Map and Poster Collection


The Memphis/Shelby County Map and Poster Collection is located in the Memphis and Shelby County Room. The collection includes over 5000 maps and posters of local and regional interest. Here is a list of cataloged maps.

The poster collection includes Memphians During War (patriotic posters from World War I, World War II and other wars) and the Beale Street Collection (musical advertisement posters). Both of these collections have published finding aids.

We’ve also pulled together this collection of online maps from various entities such as our own Dig Memphis digital archives, the Tennessee Virtual Library, and the Library of Congress:

plan of memphis (1819)

An 1854 reproduction of the 1819 plan for the city of Memphis, this map reflects the city at its founding as laid out by surveyor William Lawrence. In it, the city has a basic grid pattern with a few open areas. Some of which still exist today such as Court Square. In the upper right hand corner is a map of the general area with a few landmarks noted. Fort Pike refers to a fortification established by the U.S. Army in the 1790s. While Fort Pickering refers to a later fortification established further south. The U.S. government also set up an indian agency nearby. The names Judge Fooy and Paddy refer to two early settlers Dutch immigrant Benjamin Fooy and Irish immigrant Patrick Meagher. Source: Tennessee Virtual Library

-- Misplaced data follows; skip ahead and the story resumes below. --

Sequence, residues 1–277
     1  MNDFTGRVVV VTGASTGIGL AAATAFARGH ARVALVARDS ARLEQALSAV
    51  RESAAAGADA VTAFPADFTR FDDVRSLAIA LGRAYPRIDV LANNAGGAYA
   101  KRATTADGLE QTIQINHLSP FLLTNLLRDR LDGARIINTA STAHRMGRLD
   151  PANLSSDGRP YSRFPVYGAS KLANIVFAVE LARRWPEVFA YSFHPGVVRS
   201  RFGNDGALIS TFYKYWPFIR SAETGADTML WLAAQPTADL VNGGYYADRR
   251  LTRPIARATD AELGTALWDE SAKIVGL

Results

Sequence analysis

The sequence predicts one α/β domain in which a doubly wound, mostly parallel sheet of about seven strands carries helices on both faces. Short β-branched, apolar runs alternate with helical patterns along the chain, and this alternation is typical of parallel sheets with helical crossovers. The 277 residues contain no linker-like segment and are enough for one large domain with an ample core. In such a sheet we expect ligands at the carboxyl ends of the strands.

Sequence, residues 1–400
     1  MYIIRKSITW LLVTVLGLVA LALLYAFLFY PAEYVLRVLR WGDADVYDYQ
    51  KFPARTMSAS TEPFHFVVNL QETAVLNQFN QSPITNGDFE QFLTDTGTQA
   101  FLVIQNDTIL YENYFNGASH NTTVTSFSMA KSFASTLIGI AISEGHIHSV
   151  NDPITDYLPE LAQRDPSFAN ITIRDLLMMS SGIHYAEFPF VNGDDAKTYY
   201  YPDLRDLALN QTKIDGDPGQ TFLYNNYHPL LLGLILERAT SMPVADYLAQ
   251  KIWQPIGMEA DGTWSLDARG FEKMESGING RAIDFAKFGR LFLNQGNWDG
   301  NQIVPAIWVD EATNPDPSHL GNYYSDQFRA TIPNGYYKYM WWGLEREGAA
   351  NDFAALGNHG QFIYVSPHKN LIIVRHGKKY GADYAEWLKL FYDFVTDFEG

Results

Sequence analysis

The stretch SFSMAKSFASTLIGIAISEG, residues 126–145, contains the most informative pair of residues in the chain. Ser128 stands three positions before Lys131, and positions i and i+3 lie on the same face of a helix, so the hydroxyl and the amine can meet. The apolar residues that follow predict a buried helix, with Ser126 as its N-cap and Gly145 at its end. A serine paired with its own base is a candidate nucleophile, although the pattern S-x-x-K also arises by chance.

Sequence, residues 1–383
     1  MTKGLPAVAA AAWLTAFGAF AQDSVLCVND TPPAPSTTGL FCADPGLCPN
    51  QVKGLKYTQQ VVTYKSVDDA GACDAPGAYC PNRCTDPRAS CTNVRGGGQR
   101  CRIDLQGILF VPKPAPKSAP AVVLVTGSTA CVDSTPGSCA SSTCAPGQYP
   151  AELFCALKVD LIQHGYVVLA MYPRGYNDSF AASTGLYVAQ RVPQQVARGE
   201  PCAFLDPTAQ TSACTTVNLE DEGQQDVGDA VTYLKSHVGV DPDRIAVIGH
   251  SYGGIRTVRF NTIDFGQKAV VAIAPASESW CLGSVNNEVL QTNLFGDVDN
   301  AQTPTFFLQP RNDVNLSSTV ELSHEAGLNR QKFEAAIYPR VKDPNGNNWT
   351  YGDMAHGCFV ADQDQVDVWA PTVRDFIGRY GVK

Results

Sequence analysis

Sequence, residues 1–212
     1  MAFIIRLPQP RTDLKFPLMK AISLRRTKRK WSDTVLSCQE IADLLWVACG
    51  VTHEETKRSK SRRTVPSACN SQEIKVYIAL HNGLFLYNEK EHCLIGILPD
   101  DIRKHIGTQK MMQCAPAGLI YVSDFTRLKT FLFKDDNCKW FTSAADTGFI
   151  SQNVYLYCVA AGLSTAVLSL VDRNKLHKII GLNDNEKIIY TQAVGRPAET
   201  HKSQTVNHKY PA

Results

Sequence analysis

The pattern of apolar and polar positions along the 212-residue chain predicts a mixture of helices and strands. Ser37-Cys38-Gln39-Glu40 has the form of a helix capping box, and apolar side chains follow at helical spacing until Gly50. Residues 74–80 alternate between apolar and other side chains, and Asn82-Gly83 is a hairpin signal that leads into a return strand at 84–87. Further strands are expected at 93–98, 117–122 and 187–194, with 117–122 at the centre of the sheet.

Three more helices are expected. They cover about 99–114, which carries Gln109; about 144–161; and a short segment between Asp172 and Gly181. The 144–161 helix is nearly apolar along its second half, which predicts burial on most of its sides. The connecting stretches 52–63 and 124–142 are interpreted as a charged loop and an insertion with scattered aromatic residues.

Map of the City of Memphis including Fort Pickering and Hopefield, Ark. (1858)

This detailed antebellum map shows the growth of a number of institutions in Memphis in the years before the Civil War. Among those shown are Elmwood cemetery, St. Agnes Academy, 2nd Presbyterian Church, St. Peter’s Church, and B’nai Israel. The last was the city’s first synagogue founded in 1854. Also shown are major antebellum hotels such as Gayoso House and Worsham House along with railroad lines such as the Memphis & Charleston. Source: Library of Congress

Bird’s eye view of junction of the Ohio & Mississippi Rivers, showing Cairo and part of the southern states (1861)

The above Civil War map shows the settlements on the Mississippi. It gives an overview of the small settlements around Memphis that existed in the 1860s such as Big Creek and Fort Pickering, Tennessee and Austin and Mound City, Arkansas. The map is laid out with north at the bottom of the map and south at the top. Memphis is located at the left bottom of the large bend in the river near the top of the page. Source: Library of Congress